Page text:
I am trying very hard to become more fit and I really want to drop a few more pounds. I am 28, 5'6 and weight about 130. I'd really like to get down to 125. I am eating better, which has helped alot... but I was wondering if there was anything I can do to tighten my tummy and tighten and lift mybutt without having to go to the gym? I do not have the money for a membership or else thats where i'd go! I have been going on pretty long walks up and down hills. (i live in a hilly new hampshire town), but thats about it. Can walking do that. I just need some extra help with getting to my goal, as I've never really been into fitness until now. Thanks for all your opinions.View Thread
Research continues to flow in on the benefits of Interval Training as a means of increasing your health and decreasing your waist line.
Here some interetesting information on the benefits of Interval Training in which you push your heart rate into the upper zones for short period of time. As with anything, Interval Training in which you push you heart rate into the upper zone is something you work up to rather than start out with.
"High-intensity interval training is twice as effective as normal exercise," said Jan Helgerud, an exercise expert at the Norwegian University of Science and Technology. "This is like finding a new pill that works twice as well ... we should immediately throw out the old way of exercising."
When compared to people on a normal exercise routine, like jogging, research has shown those doing interval training can double their endurance, improve their oxygen use and strength by more than 10 percent, and their speed by at least 5 percent. Even studies in the elderly and in heart patients found they had better oxygen use and fitness after doing interval training.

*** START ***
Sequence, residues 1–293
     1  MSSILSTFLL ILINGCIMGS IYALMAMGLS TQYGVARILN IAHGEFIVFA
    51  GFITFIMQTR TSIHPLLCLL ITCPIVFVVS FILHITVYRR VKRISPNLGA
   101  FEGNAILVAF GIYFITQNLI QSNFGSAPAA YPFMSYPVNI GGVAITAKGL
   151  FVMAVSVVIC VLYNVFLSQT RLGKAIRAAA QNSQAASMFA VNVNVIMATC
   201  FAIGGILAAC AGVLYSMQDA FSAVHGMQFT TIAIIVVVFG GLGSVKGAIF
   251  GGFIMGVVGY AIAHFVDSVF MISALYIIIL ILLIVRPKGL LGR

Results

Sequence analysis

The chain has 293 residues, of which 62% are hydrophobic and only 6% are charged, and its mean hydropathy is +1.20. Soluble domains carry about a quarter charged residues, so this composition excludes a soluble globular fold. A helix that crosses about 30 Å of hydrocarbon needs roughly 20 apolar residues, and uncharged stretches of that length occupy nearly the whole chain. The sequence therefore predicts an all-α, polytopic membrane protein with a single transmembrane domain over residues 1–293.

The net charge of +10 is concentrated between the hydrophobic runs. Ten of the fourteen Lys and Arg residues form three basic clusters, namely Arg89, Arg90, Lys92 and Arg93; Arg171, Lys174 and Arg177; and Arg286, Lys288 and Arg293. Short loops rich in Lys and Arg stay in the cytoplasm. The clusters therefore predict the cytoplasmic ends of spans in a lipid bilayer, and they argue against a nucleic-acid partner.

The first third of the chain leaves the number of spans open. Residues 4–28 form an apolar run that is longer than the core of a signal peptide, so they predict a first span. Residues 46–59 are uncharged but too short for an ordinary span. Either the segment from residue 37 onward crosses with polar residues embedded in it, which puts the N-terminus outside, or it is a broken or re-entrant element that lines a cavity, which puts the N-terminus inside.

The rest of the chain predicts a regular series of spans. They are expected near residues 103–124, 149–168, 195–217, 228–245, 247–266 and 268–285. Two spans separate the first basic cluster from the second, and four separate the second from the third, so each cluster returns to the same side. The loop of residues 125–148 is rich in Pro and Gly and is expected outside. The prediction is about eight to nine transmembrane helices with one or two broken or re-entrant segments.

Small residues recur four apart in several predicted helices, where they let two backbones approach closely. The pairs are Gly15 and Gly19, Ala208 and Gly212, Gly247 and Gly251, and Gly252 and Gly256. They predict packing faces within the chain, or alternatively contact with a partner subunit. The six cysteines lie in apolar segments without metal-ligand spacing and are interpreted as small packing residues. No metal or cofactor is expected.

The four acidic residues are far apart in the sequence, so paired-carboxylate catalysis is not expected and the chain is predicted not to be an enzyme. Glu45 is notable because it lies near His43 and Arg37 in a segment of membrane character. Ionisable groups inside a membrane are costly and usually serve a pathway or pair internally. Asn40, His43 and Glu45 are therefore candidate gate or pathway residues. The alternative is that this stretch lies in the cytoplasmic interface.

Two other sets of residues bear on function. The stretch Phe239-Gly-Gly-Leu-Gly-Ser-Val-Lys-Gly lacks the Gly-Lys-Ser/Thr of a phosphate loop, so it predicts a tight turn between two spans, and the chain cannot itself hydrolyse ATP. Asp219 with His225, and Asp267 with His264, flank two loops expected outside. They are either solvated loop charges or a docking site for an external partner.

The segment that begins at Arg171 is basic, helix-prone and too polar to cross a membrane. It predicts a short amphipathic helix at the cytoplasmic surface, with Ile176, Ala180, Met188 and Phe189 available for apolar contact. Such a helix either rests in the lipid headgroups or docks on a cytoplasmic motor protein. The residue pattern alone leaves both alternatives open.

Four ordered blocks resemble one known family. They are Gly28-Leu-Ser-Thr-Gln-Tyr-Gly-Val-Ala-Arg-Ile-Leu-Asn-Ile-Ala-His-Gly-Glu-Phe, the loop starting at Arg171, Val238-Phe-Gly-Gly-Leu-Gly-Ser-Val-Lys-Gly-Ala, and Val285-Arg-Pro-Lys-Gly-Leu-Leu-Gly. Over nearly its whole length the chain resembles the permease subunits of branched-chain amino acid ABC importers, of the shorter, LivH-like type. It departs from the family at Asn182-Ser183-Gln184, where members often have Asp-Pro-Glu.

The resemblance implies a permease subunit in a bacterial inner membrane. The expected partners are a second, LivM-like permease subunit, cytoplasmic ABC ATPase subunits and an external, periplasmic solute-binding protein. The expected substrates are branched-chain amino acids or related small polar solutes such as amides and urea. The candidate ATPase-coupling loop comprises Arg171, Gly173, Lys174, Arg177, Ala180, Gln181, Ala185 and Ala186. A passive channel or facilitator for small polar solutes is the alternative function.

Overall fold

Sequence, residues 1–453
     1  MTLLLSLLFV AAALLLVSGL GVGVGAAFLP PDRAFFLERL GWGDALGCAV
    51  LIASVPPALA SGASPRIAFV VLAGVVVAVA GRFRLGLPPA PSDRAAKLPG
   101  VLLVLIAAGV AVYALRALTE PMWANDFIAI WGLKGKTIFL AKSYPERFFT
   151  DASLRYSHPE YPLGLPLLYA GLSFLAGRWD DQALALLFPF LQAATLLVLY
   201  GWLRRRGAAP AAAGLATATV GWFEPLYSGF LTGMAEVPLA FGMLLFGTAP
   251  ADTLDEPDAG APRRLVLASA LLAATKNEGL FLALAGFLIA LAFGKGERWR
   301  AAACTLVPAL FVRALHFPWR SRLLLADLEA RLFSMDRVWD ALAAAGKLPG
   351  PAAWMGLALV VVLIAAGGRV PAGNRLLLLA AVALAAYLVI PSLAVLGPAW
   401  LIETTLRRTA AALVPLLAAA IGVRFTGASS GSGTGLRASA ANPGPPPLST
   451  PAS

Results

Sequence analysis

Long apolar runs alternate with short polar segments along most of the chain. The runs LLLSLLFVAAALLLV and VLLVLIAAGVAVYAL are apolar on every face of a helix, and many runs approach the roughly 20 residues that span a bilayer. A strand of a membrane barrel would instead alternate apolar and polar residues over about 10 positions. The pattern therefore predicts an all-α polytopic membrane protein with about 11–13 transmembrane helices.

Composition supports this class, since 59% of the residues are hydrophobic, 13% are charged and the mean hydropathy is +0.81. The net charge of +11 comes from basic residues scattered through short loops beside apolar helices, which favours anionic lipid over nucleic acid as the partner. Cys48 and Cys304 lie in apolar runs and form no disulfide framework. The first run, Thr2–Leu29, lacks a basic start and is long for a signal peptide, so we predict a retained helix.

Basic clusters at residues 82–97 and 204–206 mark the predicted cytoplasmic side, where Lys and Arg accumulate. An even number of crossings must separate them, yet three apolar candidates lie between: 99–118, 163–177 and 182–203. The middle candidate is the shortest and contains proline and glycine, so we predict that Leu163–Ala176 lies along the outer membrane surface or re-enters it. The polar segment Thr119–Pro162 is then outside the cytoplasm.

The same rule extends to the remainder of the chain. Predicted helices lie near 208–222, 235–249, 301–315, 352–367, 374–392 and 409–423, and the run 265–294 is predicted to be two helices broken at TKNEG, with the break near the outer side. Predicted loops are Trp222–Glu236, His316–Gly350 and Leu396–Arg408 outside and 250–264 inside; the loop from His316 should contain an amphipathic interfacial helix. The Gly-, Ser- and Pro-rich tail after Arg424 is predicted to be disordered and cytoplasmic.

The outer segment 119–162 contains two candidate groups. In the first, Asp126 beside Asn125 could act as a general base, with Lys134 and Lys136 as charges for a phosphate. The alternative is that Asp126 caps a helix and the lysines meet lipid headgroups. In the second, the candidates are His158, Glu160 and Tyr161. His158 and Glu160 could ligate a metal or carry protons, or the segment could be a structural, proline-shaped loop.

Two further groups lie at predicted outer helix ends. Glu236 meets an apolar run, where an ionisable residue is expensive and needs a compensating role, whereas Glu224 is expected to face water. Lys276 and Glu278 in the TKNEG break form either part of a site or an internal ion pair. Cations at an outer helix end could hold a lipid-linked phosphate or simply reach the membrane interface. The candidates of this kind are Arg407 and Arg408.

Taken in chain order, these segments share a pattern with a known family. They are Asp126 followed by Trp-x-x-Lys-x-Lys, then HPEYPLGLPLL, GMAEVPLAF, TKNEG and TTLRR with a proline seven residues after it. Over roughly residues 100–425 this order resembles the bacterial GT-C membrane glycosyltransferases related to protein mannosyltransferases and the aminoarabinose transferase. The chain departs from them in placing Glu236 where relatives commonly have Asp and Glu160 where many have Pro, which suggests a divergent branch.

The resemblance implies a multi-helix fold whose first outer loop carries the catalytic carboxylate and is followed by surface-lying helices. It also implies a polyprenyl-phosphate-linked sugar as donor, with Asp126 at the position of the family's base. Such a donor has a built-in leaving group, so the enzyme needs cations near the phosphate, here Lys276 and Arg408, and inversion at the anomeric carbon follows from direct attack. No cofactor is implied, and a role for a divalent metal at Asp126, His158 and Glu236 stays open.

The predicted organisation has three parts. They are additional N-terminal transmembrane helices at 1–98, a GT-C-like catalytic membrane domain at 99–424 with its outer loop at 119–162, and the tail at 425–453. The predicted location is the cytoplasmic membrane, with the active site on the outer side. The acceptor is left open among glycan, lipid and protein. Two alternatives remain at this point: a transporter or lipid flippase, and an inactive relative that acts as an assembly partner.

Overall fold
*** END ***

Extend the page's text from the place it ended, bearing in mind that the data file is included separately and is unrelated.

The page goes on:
Interval Training is also show to be more effective in elevating your metabolism, burning more body fat.
Research (Metabolism (1994) Volume 43, pp.814-818) demonstarted that up to 9 times more bodyfat is burn with Interval Training vs Endurance Training at lower levels. http://www.cbass.com/FATBURN.HTM
BIA is an acronym for Bioelectrical Impedence Device. "This technique uses a machine that sends harmless and painless electricity through a person's body to "weigh" each of the different kinds of tissue in their body." http://www.webmd.com/diet/diagnosing-obesity
The Wedmd articles goes on to incorrectly state, "BIA is very accurate..." Nothing could be further from the truth. The BIA devices sold in the stores are incredible inaccurate when it comes to measureing you bodyfat.
I've seen the inaccuracy from the perspective of working in a retail fitness store that sells them. I've never sold one myself but I have had individuals buy them from me.
The distinction of selling vs buying them is that, selling indicates that I advised a customer to purchase a BIA based on my knowledge that the BIA is a good investment. It is NOT.
Buying one from me, pertains to an individual's decision to purchase the BIA, after I have educated an individual as to the inconsistance of the BIA.
I have seen those inconsistencies in the BIA as a personal trainer. The fluction in the bodyfat percentages drive people up the walls.
Let's Look At Some Numbers